I believe that all human beings, young and old, want to feel capable, valued, cared for, safe, and understood, to be involved in activities that excite, engage, challenge, and teach them about the world and themselves, to experience opportunities for large group, small group, partnered and independent activities, to be close to one another and to have space, to have time for lively external expression and interaction and time for quiet, internal processing, and to be allowed a voice in how this happens. We all need our physical, emotional, and intellectual needs respected and met in order to be happy, healthy and successful. In all of my incarnations throughout the years: high school Spanish teacher, dual language kindergarten and second grade teacher, Spanish poetry and drama teacher, and now literacy specialist, I have kept this ever present. My work has been driven by the awareness that my students are multifaceted, natural individuals with minds, bodies, and spirits that need to be fully engaged and respected. My own experience tells me that when this happens we feel empowered. This is how I want my students to feel!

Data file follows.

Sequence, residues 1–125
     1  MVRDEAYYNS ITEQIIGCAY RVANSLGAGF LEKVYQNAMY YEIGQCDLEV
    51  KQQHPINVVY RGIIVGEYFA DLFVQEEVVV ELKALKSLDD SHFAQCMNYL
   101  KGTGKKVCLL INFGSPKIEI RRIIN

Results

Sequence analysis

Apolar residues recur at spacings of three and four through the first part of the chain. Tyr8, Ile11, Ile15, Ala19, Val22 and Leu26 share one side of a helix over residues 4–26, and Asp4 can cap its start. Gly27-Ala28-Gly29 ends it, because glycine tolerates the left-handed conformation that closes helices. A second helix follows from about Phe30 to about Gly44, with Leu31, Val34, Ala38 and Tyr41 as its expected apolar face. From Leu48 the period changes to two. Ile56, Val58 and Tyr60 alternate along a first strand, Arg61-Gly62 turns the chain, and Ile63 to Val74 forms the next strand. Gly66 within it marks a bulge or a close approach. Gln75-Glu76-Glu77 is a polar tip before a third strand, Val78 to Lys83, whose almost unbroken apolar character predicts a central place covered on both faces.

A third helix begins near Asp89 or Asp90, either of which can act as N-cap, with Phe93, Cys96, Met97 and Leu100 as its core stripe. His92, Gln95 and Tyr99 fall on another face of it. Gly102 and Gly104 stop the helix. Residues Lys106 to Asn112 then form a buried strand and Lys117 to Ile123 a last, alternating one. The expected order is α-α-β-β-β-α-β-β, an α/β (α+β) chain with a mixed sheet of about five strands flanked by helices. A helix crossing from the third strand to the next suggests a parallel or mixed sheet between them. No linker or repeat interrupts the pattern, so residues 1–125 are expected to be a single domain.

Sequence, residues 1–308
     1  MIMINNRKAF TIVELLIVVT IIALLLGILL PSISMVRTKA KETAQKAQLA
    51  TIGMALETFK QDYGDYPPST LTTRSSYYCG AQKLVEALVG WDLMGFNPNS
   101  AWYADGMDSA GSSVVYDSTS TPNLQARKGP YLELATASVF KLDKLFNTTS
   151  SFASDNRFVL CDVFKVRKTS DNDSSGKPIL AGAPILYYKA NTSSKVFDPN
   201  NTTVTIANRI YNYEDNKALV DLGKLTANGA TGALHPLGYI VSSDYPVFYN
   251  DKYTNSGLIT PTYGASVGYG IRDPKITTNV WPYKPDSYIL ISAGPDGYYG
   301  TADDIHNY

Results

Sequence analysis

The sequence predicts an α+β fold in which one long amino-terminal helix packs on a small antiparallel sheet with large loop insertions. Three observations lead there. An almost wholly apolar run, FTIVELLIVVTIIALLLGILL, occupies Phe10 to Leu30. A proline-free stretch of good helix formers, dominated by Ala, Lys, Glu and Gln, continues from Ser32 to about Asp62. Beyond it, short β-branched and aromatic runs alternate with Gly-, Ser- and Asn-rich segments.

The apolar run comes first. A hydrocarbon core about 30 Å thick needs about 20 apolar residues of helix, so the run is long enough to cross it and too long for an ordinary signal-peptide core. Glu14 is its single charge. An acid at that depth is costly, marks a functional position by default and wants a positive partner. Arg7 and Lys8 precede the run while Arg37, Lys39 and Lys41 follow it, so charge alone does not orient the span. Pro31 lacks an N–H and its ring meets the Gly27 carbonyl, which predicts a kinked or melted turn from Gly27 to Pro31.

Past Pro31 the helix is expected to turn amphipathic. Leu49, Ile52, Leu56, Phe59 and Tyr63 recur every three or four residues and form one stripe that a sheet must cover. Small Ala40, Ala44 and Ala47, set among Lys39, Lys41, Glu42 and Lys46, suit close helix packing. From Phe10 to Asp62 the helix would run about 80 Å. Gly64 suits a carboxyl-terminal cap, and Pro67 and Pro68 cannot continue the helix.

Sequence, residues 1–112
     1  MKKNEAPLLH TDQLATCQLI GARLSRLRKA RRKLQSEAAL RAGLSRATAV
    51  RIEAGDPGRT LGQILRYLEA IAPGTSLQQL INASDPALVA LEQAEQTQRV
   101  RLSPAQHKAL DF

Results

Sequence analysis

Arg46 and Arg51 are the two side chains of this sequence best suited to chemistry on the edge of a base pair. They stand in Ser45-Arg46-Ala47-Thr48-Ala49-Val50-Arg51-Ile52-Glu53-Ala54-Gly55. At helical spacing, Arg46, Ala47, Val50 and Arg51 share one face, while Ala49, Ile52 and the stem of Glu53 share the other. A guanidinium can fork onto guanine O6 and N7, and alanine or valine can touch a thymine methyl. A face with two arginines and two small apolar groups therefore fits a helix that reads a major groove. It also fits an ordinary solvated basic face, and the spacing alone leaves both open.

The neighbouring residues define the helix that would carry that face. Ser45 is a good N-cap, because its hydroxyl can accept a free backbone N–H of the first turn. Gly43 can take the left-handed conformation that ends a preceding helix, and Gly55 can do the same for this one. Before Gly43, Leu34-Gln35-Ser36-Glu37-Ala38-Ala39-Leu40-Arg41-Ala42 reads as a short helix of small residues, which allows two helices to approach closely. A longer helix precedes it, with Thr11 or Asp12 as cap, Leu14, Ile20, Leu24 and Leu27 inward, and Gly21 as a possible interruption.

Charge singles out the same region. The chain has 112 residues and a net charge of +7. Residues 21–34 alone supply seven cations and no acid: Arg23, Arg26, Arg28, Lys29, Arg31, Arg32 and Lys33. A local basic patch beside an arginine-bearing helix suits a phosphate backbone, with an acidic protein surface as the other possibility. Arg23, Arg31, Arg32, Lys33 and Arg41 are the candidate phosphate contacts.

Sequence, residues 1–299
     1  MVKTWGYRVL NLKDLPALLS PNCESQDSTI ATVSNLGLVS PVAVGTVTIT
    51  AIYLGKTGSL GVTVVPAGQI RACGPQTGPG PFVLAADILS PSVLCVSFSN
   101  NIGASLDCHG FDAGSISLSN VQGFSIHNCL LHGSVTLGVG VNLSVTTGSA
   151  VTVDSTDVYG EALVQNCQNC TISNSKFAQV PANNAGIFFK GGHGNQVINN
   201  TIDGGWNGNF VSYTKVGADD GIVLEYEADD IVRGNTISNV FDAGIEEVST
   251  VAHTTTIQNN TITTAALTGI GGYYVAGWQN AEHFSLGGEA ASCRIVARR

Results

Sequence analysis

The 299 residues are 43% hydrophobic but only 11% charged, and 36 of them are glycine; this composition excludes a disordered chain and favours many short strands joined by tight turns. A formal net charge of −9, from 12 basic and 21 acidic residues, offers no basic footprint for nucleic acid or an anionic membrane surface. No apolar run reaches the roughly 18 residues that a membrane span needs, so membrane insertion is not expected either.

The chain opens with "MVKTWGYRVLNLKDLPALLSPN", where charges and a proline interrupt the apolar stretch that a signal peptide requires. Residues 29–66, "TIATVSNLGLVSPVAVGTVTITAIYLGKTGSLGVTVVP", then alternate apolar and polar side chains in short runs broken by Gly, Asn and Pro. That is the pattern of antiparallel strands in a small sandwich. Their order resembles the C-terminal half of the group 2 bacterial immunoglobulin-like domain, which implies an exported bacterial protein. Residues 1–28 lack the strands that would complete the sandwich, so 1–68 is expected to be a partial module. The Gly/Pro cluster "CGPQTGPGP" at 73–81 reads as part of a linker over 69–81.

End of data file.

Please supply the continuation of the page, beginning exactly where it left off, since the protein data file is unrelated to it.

I have enjoyed all of my teaching experiences but, as a public school teacher, politics sometimes proved an obstacle to creating the type of community and experiences I longed to offer children; my approach could only extend as far as the boundaries of my own classroom. I had been researching about democratic education, and I discovered Pono. Pono is a democratic learning community where all members have a voice and students have a right to learn in the ways that work best for them. At Pono I have found a home where my awareness of and respect for children’s multifaceted nature is shared. Here I can move forward, striving to apply my whole self to nurturing the whole child, in a connected, like-minded community. I’m so happy to be a part of Pono!